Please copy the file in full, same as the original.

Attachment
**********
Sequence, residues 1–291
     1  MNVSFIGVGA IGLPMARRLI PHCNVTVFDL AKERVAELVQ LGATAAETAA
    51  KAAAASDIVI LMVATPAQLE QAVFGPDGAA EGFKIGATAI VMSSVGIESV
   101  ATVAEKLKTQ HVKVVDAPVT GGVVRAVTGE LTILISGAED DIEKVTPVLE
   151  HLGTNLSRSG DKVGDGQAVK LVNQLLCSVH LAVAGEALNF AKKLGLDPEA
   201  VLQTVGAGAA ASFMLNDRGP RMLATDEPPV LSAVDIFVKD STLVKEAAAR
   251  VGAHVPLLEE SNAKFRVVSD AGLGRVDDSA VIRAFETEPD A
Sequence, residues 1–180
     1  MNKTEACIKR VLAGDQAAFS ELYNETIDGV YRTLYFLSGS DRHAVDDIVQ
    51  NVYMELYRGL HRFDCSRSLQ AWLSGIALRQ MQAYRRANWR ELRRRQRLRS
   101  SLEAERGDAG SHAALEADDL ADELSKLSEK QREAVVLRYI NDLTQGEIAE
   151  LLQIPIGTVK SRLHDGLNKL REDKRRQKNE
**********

Sequence, residues 1–291
     1  MNVSFIGVGA IGLPMARRLI PHCNVTVFDL AKERVAELVQ LGATAAETAA
    51  KAAAASDIVI LMVATPAQLE QAVFGPDGAA EGFKIGATAI VMSSVGIESV
   101  ATVAEKLKTQ HVKVVDAPVT GGVVRAVTGE LTILISGAED DIEKVTPVLE
   151  HLGTNLSRSG DKVGDGQAVK LVNQLLCSVH LAVAGEALNF AKKLGLDPEA
   201  VLQTVGAGAA ASFMLNDRGP RMLATDEPPV LSAVDIFVKD STLVKEAAAR
   251  VGAHVPLLEE SNAKFRVVSD AGLGRVDDSA VIRAFETEPD A
Sequence, residues 1–180
     1  MNKTEACIKR VLAGDQAAFS ELYNETIDGV YRTLYFLSGS DRHAVDDIVQ
    51  NVYMELYRGL HRFDCSRSLQ AWLSGIALRQ MQAYRRANWR ELRRRQRLRS
   101  SLEAERGDAG SHAALEADDL ADELSKLSEK QREAVVLRYI NDLTQGEIAE
   151  LLQIPIGTVK SRLHDGLNKL REDKRRQKNE